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What Robbie Gould teaches us about the NFL

Instead of focusing on our frustration with Sunday's game, it's time to use Robbie Gould's recent struggles to learn a little bit more about some of the myths surrounding kickers and punters in the NFL.

Dennis Wierzbicki-USA TODAY Sports

One of the most accomplished placekickers in the NFL had a bad day on Sunday, and what was the most remarkable thing about it was how surprised everyone was. Gould has been having a bad year when it comes to field goals, and his kickoff ability has inspired a truly poetic fanpost. However, the intent of this article is not to pile on Robbie. He wears navy and orange, he does what the team asks of him, and by all accounts he is a fantastic teammate.

The intent of this article is instead to take a second to reflect on how little we, the fans, take advantage of what can be known about the NFL. For example, even though we might be cynical of television broadcasts and talking heads in general, we tend to grant too much weight to the wrong numbers, essentially buying into what the network graphics people tell us is important. When we hear about a kicker’s accuracy (e.g. prior to Sunday’s game, Gould was the fifth-most reliable active kicker in the NFL, placing it through the uprights just a hair under 86% of the time), we act like this is meaningful.

In fact, even ‘reliable’ kickers aren’t all that reliable, and this is not new information. One thing to keep in mind when considering any given kicker is that most of the time, for most of those kicks, just about any placekicker in the NFL is going to deliver. It is possible to figure out who does better and who does worse than the average kicker, and then to evaluate a given kicker’s performance. When this is done, Robbie Gould’s performance in 2014 placed him 34th in the NFL, which sounds a lot worse than saying he had a 75% kicking percentage. However, even this is an incomplete view, because it has us focusing on the dramatic moments (the winning or losing kick) and not on the moments that slowly add up over time.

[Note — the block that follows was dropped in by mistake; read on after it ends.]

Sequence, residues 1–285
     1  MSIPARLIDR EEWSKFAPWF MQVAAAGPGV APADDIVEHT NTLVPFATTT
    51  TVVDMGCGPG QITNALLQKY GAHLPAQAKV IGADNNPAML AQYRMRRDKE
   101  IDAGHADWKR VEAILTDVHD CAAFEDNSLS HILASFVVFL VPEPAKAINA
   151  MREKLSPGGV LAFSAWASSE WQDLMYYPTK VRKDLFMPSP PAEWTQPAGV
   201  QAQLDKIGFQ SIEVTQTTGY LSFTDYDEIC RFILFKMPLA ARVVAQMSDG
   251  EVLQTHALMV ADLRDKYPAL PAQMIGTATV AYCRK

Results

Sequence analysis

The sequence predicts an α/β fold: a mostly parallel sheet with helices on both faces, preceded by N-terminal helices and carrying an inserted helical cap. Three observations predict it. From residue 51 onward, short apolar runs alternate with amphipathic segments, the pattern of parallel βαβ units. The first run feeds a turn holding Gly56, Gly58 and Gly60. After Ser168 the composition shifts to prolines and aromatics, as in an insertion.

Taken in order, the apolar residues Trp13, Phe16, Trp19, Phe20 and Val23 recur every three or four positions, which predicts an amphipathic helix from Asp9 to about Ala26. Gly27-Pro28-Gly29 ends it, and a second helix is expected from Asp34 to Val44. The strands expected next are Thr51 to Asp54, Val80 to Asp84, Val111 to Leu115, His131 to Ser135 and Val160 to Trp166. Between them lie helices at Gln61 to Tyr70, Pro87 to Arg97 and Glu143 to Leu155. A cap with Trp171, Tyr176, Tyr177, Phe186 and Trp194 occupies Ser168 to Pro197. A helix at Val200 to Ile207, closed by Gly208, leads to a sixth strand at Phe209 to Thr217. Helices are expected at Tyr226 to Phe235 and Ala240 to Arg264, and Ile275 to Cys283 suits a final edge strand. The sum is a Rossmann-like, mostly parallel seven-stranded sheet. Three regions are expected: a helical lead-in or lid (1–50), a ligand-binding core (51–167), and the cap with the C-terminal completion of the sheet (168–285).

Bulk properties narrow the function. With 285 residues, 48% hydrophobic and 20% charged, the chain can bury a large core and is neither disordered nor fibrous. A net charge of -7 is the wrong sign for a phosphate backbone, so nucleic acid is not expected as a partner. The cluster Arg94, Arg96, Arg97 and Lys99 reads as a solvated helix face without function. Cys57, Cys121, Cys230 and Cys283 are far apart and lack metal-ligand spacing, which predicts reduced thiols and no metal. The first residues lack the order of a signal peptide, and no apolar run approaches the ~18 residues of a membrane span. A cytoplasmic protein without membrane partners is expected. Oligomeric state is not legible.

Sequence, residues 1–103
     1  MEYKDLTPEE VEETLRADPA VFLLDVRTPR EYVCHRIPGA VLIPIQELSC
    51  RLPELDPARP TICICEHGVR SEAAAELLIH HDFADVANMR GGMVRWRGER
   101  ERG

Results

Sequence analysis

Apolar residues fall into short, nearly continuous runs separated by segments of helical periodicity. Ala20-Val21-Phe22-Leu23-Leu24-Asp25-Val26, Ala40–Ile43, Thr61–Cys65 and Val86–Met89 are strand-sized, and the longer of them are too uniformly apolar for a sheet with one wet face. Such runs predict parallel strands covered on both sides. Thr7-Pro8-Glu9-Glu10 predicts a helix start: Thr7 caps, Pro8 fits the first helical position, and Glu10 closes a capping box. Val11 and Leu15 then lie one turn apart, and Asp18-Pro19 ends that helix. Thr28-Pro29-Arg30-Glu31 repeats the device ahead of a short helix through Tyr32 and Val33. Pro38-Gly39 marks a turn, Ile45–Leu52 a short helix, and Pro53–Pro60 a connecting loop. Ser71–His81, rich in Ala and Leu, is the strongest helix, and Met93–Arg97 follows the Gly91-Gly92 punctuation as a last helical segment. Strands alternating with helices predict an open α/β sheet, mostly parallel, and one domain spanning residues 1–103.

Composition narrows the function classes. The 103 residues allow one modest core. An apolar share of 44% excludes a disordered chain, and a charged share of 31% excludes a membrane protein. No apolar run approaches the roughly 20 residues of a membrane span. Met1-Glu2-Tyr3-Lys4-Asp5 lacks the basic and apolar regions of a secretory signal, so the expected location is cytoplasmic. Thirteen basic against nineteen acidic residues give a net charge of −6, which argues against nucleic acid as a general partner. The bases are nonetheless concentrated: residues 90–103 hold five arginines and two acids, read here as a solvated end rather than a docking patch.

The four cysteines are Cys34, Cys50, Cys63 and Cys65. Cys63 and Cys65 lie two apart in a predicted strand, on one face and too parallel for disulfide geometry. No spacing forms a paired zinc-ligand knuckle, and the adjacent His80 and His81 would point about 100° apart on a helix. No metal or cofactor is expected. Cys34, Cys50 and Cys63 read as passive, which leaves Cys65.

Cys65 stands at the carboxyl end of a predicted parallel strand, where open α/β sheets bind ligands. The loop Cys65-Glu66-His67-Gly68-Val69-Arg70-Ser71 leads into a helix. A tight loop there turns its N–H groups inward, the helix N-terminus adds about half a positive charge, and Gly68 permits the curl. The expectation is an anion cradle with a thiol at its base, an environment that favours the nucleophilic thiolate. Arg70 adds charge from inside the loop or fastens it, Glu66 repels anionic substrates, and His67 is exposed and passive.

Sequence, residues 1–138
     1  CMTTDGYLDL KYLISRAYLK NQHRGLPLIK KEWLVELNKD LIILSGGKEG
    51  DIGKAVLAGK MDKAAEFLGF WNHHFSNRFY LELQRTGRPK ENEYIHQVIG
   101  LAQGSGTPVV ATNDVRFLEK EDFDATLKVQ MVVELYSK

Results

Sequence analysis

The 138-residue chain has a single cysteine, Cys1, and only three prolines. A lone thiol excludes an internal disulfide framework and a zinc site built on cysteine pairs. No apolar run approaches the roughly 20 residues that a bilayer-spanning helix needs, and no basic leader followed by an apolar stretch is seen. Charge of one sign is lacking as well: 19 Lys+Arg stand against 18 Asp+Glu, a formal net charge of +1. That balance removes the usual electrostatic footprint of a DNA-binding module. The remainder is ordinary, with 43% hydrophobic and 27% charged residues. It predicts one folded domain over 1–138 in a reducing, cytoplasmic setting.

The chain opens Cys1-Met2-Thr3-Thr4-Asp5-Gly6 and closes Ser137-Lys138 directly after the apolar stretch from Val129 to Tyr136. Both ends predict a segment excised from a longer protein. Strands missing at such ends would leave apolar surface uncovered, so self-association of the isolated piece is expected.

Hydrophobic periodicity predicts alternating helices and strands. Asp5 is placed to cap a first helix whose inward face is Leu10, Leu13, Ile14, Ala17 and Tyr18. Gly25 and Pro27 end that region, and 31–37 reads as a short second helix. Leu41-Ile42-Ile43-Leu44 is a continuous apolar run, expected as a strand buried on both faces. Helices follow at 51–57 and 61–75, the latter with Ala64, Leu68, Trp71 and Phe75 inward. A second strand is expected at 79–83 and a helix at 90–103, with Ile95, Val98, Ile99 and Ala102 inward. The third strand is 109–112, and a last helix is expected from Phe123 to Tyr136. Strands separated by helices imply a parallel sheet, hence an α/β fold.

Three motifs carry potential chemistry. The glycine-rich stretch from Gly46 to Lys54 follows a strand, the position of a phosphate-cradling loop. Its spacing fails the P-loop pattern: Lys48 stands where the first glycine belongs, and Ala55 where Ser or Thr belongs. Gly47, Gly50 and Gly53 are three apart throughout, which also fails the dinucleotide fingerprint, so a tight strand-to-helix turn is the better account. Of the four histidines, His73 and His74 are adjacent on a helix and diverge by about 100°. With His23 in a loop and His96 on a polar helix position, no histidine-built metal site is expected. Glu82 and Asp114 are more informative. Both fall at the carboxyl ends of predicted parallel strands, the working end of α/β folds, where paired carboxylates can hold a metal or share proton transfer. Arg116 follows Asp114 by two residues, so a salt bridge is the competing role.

Robbie "Good as" Gould missed an easy kick, and it is very possible that alternate kickers will be brought in. Gould might not even be a Bear next year. Still, if we’re surprised that his performance regresses back toward the mean on a December day with a new long-snapper, then we’re not looking at all of the information available to us. If "Any Given Sunday" means that the Eagles can beat the Patriots, it can also mean #9 whiffs on a pair of easy shots.

Gould’s recent struggles remind us to dig a little deeper. If Gould is replaced, it should not be because of Sunday. Chicago is 26th in the NFL in touchback percentage, after being 28th and 21st in the prior two seasons. The Bears haven't broken the 50% mark since 2012 (by comparison, over 20 teams are above 50% this season alone). It's the little things that add up, and giving away field position is really hurting the Bears (just like false starts, return mishaps, and all the rest). This is one of the reasons that Football Outsiders' DVOA places the Chicago's Special Teams as 31st in the NFL.

If a change needs to be made, let's hope the change is made for reasons that make sense in the long run, not due to one heartbreaking game.